Long daily walks can offer a bit of a reset for your mind.
December was a hard month this year on many levels. I tried to plan ahead and eased up on homeschool assignments and projects. We did not schedule any field trips or big events. Nonetheless, we were beset by medical problems, stress & anxiety, a renovation, and, of course, the pandemic. It was nearly Christmas weekend and I landed myself in the Emergency Room. (Don’t worry, I’m fine now!) After being seen, I was wheeled into the hallway for observation. My phone ran out of battery and all I had to do was lay there for several hours. I realized that it was the best rest I had had all month. Rather than feeling bored or anxious, I simply laid on the gurney and listened to my breath, grateful for it.
We canceled our holiday plans and I went from nap to nap. We packed up the kitchen and the demolition team arrived the Monday after Christmas. It’s been difficult living in a house that has boxes everywhere and a renovation crew arriving bright and early. It’s been stressful, but this is stress I’ve invited in and for which I will be grateful.
In and attempt to better care for myself, I’ve been taking long walks. This morning it was only 19 degrees, but I was sufficiently bundled. The air bit my face, but that easy rhythm left, right, left, right calmed my anxious thoughts. I had been feeling panicked about not getting enough work done or paying enough attention to this thing or that, but I have been giving my mind and body exactly what it has needed- a reset.
Walking is such a simple, basic human activity that we tend to underestimate its impact. Author of “The Artist’s Way” and “Walking in this World,” Julia Cameron says this of walking:
“Nothing brings home the beauty and power of the world that we live in like walking. Moving into our bodies, we embody the truth that as artists we are out to make a ‘body of work,’ which means we must encompass more than each day’s march. A Weekly Walk helps us to acquire such an overview. It allows us to find both perspective and comfort. As we stretch our legs, we stretch our minds and our souls. St. Augustine, himself a great walker, remarked, ‘Solvitur ambulando’ — ‘it is solved by walking.’ “Julia Cameron in “Walking in this World: The Practical Art of Creativity”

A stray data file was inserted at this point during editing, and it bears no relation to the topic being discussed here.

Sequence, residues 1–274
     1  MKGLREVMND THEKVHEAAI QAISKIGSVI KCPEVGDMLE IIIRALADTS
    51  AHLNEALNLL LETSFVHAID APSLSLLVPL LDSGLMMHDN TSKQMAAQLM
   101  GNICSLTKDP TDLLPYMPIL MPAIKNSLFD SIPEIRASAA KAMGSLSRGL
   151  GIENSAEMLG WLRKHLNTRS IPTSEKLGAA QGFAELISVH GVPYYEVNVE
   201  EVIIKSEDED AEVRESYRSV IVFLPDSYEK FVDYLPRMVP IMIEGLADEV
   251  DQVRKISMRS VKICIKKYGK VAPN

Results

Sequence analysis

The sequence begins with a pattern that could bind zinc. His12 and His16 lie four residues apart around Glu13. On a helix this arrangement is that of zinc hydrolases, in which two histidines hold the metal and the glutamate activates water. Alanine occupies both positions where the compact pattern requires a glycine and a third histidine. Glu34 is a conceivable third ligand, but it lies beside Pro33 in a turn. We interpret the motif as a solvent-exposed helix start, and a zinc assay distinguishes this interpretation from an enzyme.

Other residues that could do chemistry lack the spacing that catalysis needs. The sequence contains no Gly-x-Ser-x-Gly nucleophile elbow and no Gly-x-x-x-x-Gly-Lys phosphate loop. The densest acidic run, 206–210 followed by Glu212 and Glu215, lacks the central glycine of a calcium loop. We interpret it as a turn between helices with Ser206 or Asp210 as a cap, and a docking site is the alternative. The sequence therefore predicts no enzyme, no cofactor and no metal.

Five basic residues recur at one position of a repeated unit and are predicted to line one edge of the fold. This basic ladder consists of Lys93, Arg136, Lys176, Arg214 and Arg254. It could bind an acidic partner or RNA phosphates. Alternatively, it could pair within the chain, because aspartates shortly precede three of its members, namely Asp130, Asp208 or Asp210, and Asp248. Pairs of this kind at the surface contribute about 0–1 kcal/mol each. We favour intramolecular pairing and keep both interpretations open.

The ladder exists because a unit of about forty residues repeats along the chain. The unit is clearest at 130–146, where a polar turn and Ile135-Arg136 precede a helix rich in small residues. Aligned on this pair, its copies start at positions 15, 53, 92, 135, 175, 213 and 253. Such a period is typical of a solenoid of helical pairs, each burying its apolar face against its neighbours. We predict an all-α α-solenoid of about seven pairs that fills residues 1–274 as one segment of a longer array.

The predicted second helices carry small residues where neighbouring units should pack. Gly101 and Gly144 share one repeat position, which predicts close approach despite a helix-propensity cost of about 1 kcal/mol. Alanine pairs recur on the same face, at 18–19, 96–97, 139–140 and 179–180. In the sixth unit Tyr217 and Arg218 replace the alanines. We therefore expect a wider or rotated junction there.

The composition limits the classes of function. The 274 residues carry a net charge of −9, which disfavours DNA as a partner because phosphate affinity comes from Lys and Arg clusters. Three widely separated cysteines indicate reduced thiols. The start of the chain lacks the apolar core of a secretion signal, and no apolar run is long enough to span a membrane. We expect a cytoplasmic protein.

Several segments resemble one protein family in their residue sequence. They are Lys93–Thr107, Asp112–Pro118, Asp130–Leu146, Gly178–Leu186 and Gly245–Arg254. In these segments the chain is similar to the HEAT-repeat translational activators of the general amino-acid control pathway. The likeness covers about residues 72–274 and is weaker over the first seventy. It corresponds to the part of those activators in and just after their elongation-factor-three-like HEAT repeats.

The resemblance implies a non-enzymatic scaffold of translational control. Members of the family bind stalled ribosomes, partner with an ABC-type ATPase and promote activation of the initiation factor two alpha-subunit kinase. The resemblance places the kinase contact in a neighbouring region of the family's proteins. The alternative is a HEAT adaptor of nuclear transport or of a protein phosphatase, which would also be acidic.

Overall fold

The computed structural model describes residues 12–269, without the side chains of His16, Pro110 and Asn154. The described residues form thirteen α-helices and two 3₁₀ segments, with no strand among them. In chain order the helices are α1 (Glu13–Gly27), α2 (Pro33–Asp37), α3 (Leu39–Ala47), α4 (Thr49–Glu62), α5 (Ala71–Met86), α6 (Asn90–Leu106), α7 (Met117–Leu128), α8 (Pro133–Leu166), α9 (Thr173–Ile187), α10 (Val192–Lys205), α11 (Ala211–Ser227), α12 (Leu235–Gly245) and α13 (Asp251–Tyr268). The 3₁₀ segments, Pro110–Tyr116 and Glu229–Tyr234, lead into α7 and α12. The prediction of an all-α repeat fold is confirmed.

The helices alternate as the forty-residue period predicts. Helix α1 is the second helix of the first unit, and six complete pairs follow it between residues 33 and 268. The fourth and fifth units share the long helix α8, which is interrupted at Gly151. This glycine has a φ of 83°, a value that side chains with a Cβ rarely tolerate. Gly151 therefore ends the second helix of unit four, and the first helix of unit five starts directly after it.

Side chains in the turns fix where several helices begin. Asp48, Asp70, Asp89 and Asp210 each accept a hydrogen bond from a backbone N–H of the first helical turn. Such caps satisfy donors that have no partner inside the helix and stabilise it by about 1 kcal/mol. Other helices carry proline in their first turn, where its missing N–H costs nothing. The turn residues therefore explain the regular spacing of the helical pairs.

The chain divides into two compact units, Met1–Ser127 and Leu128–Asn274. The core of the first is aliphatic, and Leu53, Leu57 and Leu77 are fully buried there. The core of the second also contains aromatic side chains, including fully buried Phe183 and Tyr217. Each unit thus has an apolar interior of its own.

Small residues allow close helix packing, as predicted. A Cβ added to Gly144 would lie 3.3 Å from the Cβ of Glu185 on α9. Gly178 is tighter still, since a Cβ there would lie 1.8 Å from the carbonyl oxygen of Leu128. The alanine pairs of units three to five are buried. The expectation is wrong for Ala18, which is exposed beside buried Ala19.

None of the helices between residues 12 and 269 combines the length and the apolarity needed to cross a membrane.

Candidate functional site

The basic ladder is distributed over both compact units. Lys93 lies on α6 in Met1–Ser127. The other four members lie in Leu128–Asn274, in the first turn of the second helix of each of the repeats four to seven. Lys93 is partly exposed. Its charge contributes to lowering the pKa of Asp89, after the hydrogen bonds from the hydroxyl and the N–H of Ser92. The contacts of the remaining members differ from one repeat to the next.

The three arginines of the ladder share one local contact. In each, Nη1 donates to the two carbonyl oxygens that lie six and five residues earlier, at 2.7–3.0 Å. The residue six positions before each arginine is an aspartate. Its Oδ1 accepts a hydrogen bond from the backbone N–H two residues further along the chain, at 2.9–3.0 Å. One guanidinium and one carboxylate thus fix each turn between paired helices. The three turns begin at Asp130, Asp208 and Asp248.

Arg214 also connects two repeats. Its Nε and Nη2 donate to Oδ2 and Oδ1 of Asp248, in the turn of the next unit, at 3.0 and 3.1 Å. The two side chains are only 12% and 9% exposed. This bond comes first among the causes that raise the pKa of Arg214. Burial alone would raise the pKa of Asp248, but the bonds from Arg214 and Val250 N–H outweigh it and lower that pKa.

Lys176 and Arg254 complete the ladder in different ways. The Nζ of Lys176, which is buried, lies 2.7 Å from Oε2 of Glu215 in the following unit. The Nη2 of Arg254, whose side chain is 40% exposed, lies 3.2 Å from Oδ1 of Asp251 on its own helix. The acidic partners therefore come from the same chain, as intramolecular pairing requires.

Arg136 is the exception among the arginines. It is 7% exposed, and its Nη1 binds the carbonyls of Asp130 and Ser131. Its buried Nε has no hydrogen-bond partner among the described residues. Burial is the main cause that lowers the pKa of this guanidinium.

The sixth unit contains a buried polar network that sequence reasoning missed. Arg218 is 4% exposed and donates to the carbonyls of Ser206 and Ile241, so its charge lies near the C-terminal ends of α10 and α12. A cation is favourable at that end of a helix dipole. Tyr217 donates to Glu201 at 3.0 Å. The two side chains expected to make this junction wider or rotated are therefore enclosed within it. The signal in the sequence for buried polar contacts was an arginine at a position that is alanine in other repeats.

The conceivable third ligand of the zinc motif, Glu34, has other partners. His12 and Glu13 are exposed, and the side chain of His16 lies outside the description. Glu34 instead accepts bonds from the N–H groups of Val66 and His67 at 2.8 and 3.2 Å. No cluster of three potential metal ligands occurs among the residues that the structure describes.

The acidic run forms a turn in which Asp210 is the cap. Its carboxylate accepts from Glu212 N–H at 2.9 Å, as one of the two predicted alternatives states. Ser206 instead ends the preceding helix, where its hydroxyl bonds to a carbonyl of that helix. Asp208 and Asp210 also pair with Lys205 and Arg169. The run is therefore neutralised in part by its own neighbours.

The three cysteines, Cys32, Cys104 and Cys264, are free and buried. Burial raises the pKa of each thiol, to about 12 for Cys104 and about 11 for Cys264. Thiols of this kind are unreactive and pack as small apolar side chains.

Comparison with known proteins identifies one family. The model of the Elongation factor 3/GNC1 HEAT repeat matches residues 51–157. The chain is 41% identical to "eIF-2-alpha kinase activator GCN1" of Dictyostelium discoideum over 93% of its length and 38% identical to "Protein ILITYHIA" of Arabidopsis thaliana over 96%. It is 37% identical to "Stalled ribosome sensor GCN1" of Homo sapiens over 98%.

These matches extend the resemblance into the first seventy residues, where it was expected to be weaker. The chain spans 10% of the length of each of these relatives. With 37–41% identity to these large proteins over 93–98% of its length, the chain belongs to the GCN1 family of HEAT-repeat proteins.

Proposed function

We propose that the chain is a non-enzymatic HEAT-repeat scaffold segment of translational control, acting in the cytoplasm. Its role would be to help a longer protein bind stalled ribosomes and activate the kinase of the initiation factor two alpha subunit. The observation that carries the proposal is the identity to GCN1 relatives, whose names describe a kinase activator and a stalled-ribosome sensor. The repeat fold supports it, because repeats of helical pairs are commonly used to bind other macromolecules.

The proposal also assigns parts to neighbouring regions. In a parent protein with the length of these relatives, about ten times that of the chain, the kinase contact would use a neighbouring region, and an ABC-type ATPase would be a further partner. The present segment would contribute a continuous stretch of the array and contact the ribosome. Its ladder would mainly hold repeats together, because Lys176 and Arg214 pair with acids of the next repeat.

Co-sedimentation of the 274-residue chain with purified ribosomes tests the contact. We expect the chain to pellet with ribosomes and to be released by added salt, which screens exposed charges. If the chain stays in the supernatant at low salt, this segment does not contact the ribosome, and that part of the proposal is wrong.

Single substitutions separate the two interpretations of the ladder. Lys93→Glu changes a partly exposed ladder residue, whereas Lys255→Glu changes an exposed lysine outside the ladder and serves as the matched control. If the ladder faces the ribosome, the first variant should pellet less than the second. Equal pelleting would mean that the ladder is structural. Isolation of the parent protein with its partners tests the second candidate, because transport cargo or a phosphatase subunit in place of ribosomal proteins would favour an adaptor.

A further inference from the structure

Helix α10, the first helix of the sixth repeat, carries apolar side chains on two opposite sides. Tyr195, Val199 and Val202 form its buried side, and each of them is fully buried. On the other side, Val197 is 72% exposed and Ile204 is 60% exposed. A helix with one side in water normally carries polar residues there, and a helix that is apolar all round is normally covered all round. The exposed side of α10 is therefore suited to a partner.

Sometimes on my walks I listen to Cal Newport’s podcast, Deep Questions. He will frequently advise callers to take a walk to work out their thoughts. He thinks of walking as active thinking. In his book, “Deep Work,” he quotes Friedrich Nietzsche, saying:
“It is only ideas gained from walking that have any worth.”Friedrich Nietzsche
Uitwaaien- uit… what?
Knowing how much I love coziness and all things hygge, my husband saved me an article from the Washington post about uitwaaien, a Dutch term that has something to do with embracing the cold and wind. I do not enjoy being pried from my cozy spot on the couch drinking a hot beverage and reading good book to dive into ice water. I can, however, be persuaded to walk around the lake because I know that my border collie will have undirected and intense energy otherwise. Despite my reluctance on cold days, the crisp air on my face does snap me back to life.
My dog certainly did not mind the cold and he would have enjoyed another mile, but I decided that it was time to thaw out and get some work done!
3 Simple Things You Can Do to Reset Your Mind Right Now:
- SIT. Check your posture. Straighten your back and align your neck.
- BREATHE. Download the Headspace app, or on your own, and breathe for 5 minutes. If you cannot do that, set a timer for only 1 minute and breathe deeply in through your nose, hold it for 5 seconds, exhale through your mouth.
- WALK. Bundle up for those of you in chilly climates, and walk around the block. If you have time, take 30-45 minutes. If you have a dog, all the better.